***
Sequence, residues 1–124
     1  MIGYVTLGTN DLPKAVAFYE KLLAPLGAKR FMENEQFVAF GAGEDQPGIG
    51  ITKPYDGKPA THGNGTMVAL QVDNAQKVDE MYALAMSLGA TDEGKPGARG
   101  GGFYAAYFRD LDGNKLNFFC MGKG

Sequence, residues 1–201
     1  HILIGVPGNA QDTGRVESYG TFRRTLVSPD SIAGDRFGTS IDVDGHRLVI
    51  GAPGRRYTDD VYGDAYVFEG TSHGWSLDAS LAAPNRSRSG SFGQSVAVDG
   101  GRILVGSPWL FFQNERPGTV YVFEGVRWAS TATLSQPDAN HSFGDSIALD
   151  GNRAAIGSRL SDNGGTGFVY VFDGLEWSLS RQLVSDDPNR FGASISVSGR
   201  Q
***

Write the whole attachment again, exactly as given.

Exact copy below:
Sequence, residues 1–124
     1  MIGYVTLGTN DLPKAVAFYE KLLAPLGAKR FMENEQFVAF GAGEDQPGIG
    51  ITKPYDGKPA THGNGTMVAL QVDNAQKVDE MYALAMSLGA TDEGKPGARG
   101  GGFYAAYFRD LDGNKLNFFC MGKG

Sequence, residues 1–201
     1  HILIGVPGNA QDTGRVESYG TFRRTLVSPD SIAGDRFGTS IDVDGHRLVI
    51  GAPGRRYTDD VYGDAYVFEG TSHGWSLDAS LAAPNRSRSG SFGQSVAVDG
   101  GRILVGSPWL FFQNERPGTV YVFEGVRWAS TATLSQPDAN HSFGDSIALD
   151  GNRAAIGSRL SDNGGTGFVY VFDGLEWSLS RQLVSDDPNR FGASISVSGR
   201  Q